Nikon's extensive use of extra-low dispersion glass in the design of this lens has paid dividends when it comes to controlling chromatics aberrations. At its worst, CA covers just over half a pixel-width at 24mm and f/2.8, which will be barely noticeable under normal picture taking conditions. Across the rest of the zoom range, colour fringing is virtually non-existent, with recorded values being well under half a pixel-width. This is exceptional performance for such an extreme range of focal lengths.
|Chromatic Aberrations at 14mm|
|Chromatic Aberrations at 18mm|
|Chromatic Aberrations at 24mm|
On any ultrawide lens, there will be a degree of light falloff towards the edges, especially at wider apertures due to their optical nature. This lens is no exception, with the corners being up to two stops darker than the centre of the image at f/2.8 and 14mm. Stopping down improves matters though with fall off becoming unnoticeable by f/5. Longer focal lengths display much less vignetting, with the corners being under a stop darker than the centre at 24mm and f/2.8. For a lens as wide as this, these results aren't that surprising; in fact I expected them to be a whole lot worse.
Getting in close can give quirky results as these two shots illustrate.
Barrel distortion at 14mm is quite strong, but again, not as strong as I expected with 7.37% recorded by Imatest, which could be quite disturbing for fans of straight lines. This can easily be corrected with commonly used lens correction tools such as PTLens or in Photoshop. At 24mm barrel distortion is still present, but only barely, with 0.7% recorded by Imatest.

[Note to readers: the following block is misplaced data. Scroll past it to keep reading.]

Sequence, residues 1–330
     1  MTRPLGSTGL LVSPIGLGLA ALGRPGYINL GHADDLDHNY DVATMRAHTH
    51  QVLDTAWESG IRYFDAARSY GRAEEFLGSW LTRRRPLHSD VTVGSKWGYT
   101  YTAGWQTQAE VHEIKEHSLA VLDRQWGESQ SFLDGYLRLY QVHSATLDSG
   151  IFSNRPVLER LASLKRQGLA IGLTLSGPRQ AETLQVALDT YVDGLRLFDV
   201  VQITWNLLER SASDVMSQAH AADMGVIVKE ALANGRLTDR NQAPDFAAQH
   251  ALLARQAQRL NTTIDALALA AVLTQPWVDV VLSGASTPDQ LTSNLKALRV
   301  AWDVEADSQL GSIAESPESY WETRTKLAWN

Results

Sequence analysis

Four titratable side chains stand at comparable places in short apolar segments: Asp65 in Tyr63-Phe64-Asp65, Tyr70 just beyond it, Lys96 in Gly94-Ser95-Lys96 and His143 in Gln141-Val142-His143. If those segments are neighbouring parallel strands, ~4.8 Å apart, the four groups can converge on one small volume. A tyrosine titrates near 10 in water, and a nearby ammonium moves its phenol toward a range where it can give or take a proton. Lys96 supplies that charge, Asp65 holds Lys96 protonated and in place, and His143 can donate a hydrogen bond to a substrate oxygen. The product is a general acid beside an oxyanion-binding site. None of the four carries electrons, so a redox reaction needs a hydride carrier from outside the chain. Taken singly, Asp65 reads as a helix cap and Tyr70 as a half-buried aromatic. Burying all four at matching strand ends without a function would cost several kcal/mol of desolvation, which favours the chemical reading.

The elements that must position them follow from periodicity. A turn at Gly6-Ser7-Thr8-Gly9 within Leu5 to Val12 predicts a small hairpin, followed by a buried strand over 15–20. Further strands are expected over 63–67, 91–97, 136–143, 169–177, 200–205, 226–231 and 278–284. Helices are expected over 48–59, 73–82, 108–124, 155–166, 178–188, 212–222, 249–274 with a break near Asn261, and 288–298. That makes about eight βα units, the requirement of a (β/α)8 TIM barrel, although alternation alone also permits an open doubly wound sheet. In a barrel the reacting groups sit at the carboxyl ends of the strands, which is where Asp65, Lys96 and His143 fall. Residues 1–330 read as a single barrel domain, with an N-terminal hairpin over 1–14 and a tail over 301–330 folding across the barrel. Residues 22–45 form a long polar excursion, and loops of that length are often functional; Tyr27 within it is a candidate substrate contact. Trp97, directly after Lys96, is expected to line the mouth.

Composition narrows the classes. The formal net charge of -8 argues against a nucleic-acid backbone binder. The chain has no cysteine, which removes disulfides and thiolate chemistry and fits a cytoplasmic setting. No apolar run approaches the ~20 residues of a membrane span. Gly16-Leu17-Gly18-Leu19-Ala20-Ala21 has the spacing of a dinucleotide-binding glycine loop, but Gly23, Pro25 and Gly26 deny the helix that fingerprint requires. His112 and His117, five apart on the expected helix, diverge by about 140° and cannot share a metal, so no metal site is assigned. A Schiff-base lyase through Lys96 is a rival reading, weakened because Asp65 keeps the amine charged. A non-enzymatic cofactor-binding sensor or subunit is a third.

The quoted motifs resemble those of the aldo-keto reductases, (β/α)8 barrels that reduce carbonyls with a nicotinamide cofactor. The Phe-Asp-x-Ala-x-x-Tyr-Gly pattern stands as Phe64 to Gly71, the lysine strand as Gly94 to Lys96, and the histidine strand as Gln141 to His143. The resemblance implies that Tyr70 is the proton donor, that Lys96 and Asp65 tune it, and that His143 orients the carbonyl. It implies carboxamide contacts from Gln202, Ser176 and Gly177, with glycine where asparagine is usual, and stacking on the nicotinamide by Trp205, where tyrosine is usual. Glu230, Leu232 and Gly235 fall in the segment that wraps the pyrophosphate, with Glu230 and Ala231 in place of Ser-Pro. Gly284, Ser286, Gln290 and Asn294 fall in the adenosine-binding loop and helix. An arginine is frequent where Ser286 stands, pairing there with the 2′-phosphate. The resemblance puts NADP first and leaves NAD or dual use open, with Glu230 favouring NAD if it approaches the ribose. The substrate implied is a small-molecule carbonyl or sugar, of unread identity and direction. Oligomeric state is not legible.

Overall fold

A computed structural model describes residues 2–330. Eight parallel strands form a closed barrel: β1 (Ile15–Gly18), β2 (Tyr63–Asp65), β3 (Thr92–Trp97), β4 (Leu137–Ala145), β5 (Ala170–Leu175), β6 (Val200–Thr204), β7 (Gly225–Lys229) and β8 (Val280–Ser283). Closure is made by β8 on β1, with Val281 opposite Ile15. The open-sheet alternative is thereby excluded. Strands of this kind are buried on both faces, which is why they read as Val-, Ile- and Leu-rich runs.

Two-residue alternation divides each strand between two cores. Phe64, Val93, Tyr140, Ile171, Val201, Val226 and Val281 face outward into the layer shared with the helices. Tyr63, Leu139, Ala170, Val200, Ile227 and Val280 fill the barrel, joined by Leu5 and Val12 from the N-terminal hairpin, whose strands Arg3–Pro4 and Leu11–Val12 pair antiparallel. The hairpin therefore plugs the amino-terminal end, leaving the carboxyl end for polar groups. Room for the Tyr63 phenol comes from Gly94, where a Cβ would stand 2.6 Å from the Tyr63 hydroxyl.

|The ultrawide approach won't suit every photographer, but this lens is capable of amazing results when used well.|
For a lens with such a large bulbous front element, flare and ghosting is remarkably well controlled. Anyone who has used such a lens before such as a 14mm prime, or a Sigma's 15-30mm will know how much of an issue this can be. With the Nikon AF-S 14-24mm f/2.8G ED , light sources just outside the frame cause a little ghosting, but not the catastrophic reduction in contrast I had expected. Shooting into a light source causes a little flare, but again this is very well controlled for such a lens. Strong light sources in the frame will occasionally produce a small green flare pattern on the opposite side of the image centre, but nothing more.
Nikon AF-S 14-24mm f/2.8G ED NIKKOR: Verdict
This lens is one of a kind. In terms of resolution, handling and even its resistance to flare and ghosting this lens is excellent, and it outperforms primes in the same focal range.
Still, as mentioned before, this lens will not suit everyone. Those who use filters extensively will either have to change the way they shoot, or they won’t find this lens suitable for their needs. This is a shame, as such a focal range lends itself perfectly to landscape shooting. That said, Lee Filters are aiming to have a filter holder available as we reported in News.
Priced at £1296 this is not a cheap lens, but there is more to value than just monetary cost. If you require the absolute best quality and don't use filters, then I believe the high price tag is well worth it for what is a truly unique lens.
Nikon AF-S 14-24mm f/2.8G ED NIKKOR: Pros
Fast maximum aperture
Nikon AF-S 14-24mm f/2.8G ED NIKKOR: Cons
Filter use difficult
Nikon AF-S 14-24mm f/2.8G ED NIKKOR: Specification
|Contact||Nikon UK Ltd|
|Construction||14 elements in 11 groups|
|Angle-of-view||114° - 84° (90° - 61° with DX format camera)|
|35mm equiv. focal length||14-24mm or 21-36mm on APS-C (DX) body|
|In the box||Lens case|
The Nikon AF-S 14-24mm f/2.8G ED NIKKOR lens costs around £1295.99 and is available from Warehouse Express here:
Nikon AF-S 14-24mm f/2.8G ED NIKKOR